U.S. manufacturing activity hit its highest level in 3-1/2 years last month and pending home sales contracts unexpectedly surged in September, allaying fears the economy's budding recovery would falter.

The factory gauge from the Institute for Supply Management on Monday pointed to a brisk growth pace in the fourth quarter and hinted at an improvement in the labor market in October.

These numbers are going to get people more confident in the recovery. ... They tend to argue for forward momentum going into the end of the year, said Nick Kalivas, vice president of financial research at MF Global in Chicago.

ISM's index of national factory activity rose to 55.7 in October, the highest level since April 2006, from 52.6 in September. Analysts had expected a reading of just 53.0.

It was the third straight month the gauge came in above 50, the dividing line between expansion and contraction.

While the U.S. economy appears to have pulled out of its deepest recession since the Great Depression, rising unemployment threatens to undermine the young recovery. The data on Monday tempered those worries.

Norbert Ore, chairman of the ISM manufacturing business survey committee, said the findings suggest the economy could grow at an annual 4.5 rate in the fourth quarter, up from the 3.5 percent pace in the third quarter.

In a separate report, the National Association of Realtors said its Pending Home Sales Index, based on sales contracts signed, rose 6.1 percent to 110.1 in September -- the highest level since December 2006 -- as first-time buyers rushed to take advantage of a soon-to-expire tax credit.

Pending home sales have now risen for eight straight months, the longest streak since on records dating to 2001, and stand a record 21.2 percent above their year-ago level.

A separate report from the Commerce Department that showed spending on construction projects rose 0.8 percent in September buttressed the view that the property sector was stabilizing.

The upbeat economic reports lifted U.S. stocks and helped them to recoup some of the losses from Friday's steep sell-off

<.N>, but eroded demand for safe-haven government bonds and the U.S. dollar .

Stocks were also cheered by surveys showing manufacturing activity in the euro zone expanded for the first time in 17 months and picked up in Britain and China, indicating a global economic recovery is underway.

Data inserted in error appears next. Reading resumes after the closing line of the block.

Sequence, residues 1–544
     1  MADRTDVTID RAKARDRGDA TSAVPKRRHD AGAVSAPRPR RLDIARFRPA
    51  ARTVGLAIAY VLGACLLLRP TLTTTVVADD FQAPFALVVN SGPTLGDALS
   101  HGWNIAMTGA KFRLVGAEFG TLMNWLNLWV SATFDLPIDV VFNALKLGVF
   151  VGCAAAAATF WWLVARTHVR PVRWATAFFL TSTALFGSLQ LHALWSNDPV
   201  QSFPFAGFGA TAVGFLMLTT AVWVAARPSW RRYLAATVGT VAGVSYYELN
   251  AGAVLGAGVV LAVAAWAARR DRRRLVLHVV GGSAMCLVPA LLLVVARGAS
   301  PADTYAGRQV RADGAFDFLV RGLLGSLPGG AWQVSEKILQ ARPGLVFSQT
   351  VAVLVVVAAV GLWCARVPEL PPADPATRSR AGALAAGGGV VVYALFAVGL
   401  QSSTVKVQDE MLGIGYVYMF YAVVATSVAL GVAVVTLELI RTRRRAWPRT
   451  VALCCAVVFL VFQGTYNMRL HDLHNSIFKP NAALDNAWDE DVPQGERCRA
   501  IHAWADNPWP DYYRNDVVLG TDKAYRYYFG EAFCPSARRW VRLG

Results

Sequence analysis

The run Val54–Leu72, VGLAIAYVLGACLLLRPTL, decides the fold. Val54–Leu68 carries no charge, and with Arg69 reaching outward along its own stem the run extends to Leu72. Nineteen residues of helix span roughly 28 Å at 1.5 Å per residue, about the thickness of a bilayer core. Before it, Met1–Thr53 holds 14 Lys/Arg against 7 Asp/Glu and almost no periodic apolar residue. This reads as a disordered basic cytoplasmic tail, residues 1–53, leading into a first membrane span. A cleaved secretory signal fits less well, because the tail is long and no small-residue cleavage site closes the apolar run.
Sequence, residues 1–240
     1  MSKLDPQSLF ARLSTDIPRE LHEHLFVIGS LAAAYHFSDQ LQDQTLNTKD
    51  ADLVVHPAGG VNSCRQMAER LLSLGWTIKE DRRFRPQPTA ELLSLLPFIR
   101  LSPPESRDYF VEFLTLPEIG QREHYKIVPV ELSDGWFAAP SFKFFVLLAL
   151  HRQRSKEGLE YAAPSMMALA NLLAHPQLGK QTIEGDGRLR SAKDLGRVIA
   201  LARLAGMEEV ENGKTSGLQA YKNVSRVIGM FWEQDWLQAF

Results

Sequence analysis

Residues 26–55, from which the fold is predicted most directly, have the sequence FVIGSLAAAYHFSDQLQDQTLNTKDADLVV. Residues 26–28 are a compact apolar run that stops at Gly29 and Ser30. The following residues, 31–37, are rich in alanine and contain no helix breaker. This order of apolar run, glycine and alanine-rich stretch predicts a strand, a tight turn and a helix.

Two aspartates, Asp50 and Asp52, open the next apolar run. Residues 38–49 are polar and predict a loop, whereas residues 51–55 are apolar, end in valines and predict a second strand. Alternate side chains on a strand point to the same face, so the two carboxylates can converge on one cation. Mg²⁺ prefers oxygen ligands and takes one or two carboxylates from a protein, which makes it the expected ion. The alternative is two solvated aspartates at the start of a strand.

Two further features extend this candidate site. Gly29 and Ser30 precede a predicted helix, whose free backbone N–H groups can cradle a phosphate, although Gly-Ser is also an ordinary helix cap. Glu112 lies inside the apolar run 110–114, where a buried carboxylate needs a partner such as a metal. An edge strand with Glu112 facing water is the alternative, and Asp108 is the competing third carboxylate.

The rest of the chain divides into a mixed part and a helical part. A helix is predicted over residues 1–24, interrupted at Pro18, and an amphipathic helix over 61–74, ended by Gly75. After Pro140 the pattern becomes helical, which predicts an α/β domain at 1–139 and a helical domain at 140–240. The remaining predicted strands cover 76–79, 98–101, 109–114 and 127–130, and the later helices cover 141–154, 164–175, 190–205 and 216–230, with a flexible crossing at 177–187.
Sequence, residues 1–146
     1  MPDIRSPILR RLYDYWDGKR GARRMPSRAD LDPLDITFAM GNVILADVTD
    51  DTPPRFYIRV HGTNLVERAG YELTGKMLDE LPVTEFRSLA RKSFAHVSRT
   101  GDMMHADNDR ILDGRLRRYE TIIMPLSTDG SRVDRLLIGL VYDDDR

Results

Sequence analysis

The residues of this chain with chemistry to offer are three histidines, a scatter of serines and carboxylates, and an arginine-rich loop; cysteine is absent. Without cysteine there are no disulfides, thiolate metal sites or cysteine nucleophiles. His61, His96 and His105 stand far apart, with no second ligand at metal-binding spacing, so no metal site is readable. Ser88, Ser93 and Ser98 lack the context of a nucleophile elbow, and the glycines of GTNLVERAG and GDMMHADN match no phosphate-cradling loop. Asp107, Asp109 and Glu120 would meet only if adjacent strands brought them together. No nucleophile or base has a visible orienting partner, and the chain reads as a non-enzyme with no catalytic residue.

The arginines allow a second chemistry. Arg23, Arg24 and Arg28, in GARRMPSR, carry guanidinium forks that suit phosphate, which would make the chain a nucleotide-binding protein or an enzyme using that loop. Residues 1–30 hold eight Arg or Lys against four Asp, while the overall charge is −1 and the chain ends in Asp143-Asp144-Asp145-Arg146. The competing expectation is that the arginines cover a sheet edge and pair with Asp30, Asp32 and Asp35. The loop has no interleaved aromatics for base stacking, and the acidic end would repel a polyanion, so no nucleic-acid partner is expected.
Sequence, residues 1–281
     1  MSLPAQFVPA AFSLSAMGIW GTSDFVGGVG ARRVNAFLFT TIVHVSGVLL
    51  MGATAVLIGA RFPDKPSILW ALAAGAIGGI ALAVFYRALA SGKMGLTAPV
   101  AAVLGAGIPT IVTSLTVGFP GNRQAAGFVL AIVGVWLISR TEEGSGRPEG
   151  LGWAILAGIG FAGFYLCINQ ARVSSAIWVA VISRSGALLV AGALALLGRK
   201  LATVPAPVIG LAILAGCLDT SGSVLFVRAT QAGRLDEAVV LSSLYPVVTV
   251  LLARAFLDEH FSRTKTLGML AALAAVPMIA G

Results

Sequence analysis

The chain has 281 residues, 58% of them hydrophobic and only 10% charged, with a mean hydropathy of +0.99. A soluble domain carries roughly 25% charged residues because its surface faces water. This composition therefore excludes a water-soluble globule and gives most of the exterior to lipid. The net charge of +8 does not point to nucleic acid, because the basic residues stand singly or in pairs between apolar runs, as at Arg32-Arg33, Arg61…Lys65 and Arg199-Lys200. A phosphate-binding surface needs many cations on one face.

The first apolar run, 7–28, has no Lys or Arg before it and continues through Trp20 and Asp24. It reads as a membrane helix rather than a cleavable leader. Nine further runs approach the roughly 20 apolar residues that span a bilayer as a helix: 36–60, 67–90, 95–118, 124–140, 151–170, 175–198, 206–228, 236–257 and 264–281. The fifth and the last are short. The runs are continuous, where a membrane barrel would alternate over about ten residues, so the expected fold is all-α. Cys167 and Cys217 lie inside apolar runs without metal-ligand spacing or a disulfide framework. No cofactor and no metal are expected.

President Barack Obama said measures taken by his administration -- including a $787 billion stimulus package -- had pulled the economy back from the brink, but cautioned there was still a long way to go to achieve full recovery.

We just are not where we need to be yet. We've got a long way to go. We are still seeing production levels that are significantly below peak levels. And most distressing is the fact that job growth continues to lag, Obama said.

U.S. Federal Reserve officials meet on Tuesday and Wednesday and are expected to signal a willingness to keep their stimulative policies in place for some time yet to make sure a self-sustaining recovery takes root.

The manufacturing employment subindex in the ISM report vaulted to 53.1 in October, the highest level since April 2006, suggesting demand for labor was starting to pick up.

It was the first time in 15 months the employment index crossed the 50 threshold to move into growth territory.

Economists polled by Reuters last week had said a report on Friday was likely to show U.S. employers cut 175,000 workers from their payrolls last month, but some analysts said the ISM report could mean those forecasts are too dire.

Analysts were unfazed by the fact that the ISM's new orders gauge slowed for a second straight month, focusing instead on the steady rise in an inventory index -- which they said was positive for fourth-quarter gross domestic product.

The normalization of production now that inventories are no longer egregiously excessive should be one of the main factors driving GDP growth in the current and next quarters, said Stephen Stanley, chief economist at RBS in Greenwich, Connecticut.

Today's report provides an important confirmation to our view that this recovery has legs.

(Additional reporting by Chris Reese and Lisa Lambert; Editing by Diane Craft)